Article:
New tourism push features local music, food, culture
At a kick-off event for National Tourism Week Tuesday, those in the business of making visitors feel welcome got a sneak preview of this year's promotional efforts in the county.
Alice Aumen, chairwoman of the Haywood County Tourism Development Authority, welcomed a group of 60 or so saying the mission of those in tourism is to help visitors have fun.
“When we have a meeting, we make sure we have fun, too,” she said.
With that, she introduced the county’s tourism director, Lynn Collins, who showed a video that will be available on the organization’s YouTube channel and Facebook page as well embedded in press releases sent out by the agency.
Tourism is on the rebound in Haywood, as evidenced by the March occupancy tax numbers showing there are 29 percent more visitors during this month than there were one year ago, Collins said.
Tourist numbers are gauged by the amount of tax collected by accommodation owners in the county, (4 percent of the room rental fee) which is remitted to the county finance office and then provided to the TDA for tourism promotion.
The value of tourism in Haywood is something that can be economically measures. Quoting statistics from the N.C. Department of Commerce, Collins said, noting the state and local tax revenues generated from travel to Haywood County amounted to $11.35 million for 2011.
"This represents a $192.85 tax savings to each county resident based on census numbers," she said, noting the formula is tax revenue divided by number of Haywood County residents.
Collins said the board reassessed its promotion efforts, and concluded it was impossible to be all things to all people.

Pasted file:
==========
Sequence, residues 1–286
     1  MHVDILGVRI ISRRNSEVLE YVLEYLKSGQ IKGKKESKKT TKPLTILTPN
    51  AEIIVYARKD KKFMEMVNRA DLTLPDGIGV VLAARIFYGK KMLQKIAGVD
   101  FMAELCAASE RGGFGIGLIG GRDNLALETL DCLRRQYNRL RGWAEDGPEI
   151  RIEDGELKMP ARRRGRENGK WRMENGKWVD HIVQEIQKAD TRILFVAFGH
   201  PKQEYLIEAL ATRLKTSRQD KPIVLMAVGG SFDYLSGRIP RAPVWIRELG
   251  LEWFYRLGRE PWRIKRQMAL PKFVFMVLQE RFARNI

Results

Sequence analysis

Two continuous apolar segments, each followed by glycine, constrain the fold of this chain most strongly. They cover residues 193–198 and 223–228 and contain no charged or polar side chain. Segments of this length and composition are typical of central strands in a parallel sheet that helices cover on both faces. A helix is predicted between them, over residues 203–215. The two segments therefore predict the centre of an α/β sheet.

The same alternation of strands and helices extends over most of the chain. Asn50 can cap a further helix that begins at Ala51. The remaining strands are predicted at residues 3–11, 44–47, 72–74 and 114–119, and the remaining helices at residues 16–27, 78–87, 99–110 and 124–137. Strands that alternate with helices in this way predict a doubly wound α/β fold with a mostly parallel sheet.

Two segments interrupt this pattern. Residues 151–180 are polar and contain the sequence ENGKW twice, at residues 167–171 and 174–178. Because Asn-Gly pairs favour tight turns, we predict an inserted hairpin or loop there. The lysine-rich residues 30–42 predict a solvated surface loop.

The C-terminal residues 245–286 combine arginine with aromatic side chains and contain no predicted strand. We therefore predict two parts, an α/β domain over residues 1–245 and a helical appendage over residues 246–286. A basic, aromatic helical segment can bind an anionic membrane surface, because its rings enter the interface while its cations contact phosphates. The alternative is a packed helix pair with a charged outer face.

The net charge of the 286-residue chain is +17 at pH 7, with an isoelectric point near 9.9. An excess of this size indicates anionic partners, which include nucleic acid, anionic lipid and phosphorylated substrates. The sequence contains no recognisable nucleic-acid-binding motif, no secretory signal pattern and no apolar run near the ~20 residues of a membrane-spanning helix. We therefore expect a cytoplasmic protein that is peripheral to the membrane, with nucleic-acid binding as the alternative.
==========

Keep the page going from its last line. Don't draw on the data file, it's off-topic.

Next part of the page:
“We decided to narrow our focus,” she said, introducing the new campaign “Homegrown in Haywood.”
The effort is the result of two years of research, as well as feedback from visitors, Collins said, and emphasizes local scenery, attractions, history, food and music.
Angie Chandler, executive director of the Blue Ridge National Heritage Area, which was designated by Congress in 2003, spoke of a partnership with the N.C. Arts Council and the counties in the region to promote arts and cultural experiences for visitors.
“We are here to support the marketing efforts of what people want to see and experience when they travel,” she said. “They want to experience the authentic life of the region.”
Part of that experience in Haywood will be exploring the Blue Ridge Music Trail where two specific locations are included in the 29-county guide book, which is for sale at the TDA visitor centers.
Chandler cited a study of 26 traditional music events or festivals that created an economic impact of $20.7 million. Blue Ridge Music Trails of North Carolina Guidebook identifies 160 established music venues — including festivals — in the region that could generate an estimated $4,000 for every 100 visitors as the result of the new initiative focused on traditional music in the region.
The heavy hors d’ oeuvres included samplings of local foods such as smoked trout from Sunburst Trout in Cruso, greens from Jolly Farms in Canton, jams and relishes from Copper Pot and Wooden Spoon in Waynesville and Fines Creek Fine Foods in Fines Creek and both pate´and maple sugar braised short ribs from Sunburst Beef in Bethel.
The event was held at the Waynesville Country Club.